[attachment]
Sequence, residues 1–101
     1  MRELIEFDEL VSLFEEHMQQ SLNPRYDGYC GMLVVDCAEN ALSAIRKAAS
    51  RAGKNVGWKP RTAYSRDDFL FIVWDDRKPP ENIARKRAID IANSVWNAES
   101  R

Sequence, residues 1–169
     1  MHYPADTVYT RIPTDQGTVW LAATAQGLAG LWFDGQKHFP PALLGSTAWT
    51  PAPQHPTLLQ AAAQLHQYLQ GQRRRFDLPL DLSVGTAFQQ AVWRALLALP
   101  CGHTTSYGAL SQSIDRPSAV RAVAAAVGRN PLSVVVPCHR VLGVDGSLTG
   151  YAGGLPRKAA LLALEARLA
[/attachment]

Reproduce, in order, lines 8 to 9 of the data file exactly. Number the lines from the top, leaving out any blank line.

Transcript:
   101  CGHTTSYGAL SQSIDRPSAV RAVAAAVGRN PLSVVVPCHR VLGVDGSLTG
   151  YAGGLPRKAA LLALEARLA